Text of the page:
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Spatiotemporal patterns of Phytophthora megakarya infections in newly established cacao plantations in Cameroon

Ndoungue M.M., Ngo Bieng M.A., Nembot Fomba C.G., Petchayo S., Neema C., Ten Hoopen G.M.. 2017. In : Deepen knowledge in plant pathology for innovative agro-ecology. Dunkerque : EFPP, 1 p.. European Foundation for Plant Pathology Conference. 12, 2017-05-29/2017-06-02, Dunkerque (France).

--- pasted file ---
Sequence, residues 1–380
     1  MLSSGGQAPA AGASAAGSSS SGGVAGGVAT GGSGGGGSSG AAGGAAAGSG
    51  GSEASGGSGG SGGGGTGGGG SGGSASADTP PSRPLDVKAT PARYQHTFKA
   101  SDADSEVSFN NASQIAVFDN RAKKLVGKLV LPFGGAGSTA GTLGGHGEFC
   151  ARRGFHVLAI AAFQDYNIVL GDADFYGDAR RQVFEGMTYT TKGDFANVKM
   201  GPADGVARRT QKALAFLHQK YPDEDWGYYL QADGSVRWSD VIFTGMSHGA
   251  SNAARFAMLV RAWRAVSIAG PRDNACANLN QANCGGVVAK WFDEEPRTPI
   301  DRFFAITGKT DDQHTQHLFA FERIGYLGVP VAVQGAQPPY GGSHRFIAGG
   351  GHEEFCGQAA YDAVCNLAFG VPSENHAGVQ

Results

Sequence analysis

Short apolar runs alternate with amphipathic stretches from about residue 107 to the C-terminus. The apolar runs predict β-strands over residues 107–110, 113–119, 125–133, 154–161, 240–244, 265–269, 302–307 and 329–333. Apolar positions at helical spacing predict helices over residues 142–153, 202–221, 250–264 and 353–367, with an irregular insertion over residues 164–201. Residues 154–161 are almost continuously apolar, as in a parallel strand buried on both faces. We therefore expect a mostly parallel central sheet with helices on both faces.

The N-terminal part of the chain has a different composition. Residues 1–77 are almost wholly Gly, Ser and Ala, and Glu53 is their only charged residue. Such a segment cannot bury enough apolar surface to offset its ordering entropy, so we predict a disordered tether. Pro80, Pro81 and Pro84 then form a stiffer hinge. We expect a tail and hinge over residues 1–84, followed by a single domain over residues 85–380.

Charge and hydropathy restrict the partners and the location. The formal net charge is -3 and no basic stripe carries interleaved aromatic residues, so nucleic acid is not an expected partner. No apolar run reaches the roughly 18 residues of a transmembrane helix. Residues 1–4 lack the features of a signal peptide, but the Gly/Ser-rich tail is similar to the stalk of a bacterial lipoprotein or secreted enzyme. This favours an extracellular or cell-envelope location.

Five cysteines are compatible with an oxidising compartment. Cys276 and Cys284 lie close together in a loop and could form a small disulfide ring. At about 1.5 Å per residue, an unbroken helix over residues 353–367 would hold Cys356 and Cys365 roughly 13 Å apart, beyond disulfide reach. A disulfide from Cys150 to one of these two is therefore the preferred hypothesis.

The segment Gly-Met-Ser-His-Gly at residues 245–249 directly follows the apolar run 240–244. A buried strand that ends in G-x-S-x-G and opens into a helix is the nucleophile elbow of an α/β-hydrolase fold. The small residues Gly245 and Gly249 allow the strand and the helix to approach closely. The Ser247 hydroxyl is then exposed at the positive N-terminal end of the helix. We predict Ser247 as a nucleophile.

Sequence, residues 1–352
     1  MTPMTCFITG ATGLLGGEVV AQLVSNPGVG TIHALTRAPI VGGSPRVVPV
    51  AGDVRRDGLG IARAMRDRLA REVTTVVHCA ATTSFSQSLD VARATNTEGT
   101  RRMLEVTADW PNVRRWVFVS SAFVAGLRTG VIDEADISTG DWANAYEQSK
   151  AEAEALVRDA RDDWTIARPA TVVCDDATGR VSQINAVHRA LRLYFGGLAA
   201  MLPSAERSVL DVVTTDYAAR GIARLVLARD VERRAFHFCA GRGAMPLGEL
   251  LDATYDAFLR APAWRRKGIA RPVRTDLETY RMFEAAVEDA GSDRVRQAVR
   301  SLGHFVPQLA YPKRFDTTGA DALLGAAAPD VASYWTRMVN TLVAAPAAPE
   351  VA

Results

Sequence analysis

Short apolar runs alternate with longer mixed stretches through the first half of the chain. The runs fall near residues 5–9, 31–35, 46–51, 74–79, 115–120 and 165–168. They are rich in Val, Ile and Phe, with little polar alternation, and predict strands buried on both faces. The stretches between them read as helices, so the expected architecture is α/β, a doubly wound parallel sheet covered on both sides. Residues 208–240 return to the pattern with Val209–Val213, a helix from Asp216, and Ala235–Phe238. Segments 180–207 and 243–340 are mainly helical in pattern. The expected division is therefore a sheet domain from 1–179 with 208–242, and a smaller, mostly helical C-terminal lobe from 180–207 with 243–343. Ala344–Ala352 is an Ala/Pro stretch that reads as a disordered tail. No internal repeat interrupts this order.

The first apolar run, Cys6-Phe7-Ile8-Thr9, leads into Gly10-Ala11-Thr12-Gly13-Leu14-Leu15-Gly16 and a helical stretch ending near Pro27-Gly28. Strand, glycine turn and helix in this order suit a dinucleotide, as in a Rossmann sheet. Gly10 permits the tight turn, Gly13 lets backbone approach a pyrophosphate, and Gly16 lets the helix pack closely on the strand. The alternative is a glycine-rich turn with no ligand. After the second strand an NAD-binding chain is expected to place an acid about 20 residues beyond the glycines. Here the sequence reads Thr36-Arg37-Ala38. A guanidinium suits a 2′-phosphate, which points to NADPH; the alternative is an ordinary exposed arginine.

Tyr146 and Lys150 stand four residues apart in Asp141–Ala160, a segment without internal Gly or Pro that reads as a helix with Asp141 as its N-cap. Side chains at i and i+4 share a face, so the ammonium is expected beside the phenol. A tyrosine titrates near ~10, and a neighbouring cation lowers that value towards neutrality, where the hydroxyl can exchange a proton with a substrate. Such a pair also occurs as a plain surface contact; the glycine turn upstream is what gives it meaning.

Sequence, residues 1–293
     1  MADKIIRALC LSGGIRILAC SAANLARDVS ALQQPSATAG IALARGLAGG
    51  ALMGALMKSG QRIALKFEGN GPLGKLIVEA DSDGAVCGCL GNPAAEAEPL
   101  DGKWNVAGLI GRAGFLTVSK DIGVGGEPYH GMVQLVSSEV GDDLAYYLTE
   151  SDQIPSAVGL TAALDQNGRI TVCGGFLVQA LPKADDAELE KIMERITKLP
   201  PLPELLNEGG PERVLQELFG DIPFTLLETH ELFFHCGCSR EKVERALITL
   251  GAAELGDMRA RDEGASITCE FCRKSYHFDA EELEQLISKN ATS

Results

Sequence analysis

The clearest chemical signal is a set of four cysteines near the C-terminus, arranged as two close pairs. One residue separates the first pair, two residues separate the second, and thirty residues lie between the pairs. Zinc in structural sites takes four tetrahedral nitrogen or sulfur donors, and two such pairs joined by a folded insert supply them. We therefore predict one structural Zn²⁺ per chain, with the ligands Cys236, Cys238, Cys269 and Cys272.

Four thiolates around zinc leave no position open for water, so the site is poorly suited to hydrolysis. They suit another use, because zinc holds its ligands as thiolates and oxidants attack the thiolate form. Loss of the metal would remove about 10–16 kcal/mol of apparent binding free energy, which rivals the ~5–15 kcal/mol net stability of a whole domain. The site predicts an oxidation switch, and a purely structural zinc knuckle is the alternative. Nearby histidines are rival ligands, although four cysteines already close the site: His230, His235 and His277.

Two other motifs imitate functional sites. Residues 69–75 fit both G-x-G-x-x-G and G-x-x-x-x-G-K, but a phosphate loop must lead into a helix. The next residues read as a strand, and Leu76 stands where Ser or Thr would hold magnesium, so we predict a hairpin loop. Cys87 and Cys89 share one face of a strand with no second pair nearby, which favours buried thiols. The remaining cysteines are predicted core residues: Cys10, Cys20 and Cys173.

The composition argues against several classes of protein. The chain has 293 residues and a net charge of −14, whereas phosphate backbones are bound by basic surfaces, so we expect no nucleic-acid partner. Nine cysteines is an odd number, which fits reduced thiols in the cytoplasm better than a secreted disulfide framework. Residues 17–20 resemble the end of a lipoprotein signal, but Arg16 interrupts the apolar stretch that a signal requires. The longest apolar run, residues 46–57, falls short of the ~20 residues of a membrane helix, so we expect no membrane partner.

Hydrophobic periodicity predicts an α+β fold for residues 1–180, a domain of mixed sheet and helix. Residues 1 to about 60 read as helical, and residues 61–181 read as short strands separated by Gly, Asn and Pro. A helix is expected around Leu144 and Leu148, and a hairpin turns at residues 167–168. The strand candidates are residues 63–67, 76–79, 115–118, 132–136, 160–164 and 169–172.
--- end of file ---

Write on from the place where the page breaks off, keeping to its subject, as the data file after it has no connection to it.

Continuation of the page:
Studying spatial and temporal plant disease dynamics helps to understand pathogen dispersal processes, a necessary undertaking in epidemiology in order to improve disease control recommendations. In this study, plantations devoid of primary inoculum of Phytophthora megakarya (causal agent of cacao black pod disease), upon establishment in 2006, were monitored for presence of disease on a weekly basis from 2009 to 2016. Isolates of P. megakarya collected in these plantations were genotyped with 14 SSR markers. Ripley's K functions were used to characterize spatial disease dynamics. The univariate K-function was used to describe spatial disease patterns and the bivariate K12-function was used to describe the relation between healthy and diseased cacao trees. Disease distribution maps show aggregated disease patterns in all plots. The K-function confirmed these results although it was not significant in all patterns, probably due to a limited number of diseased cocoa trees. Healthy and diseased cacao trees were mostly negatively correlated, indicating that cacao black pod disease dispersal is a clustered process preferentially affecting neighbors of already infected trees. Based on observations it appears that occurrence of black pod disease is not a complete randomized process. The neighboring environment can greatly influence disease dispersal processes. For instance, closeness to already infected cacao plantations can favor dispersal of disease propagules while the presence of a river can increase the disease incidence and pathogen diversity. According to the results, black pod disease is mainly spread over relatively short distances. Isolation of newly established cacao plantations from infected ones appears therefore to be an effective approach to control black pod. (Résumé d'auteur)

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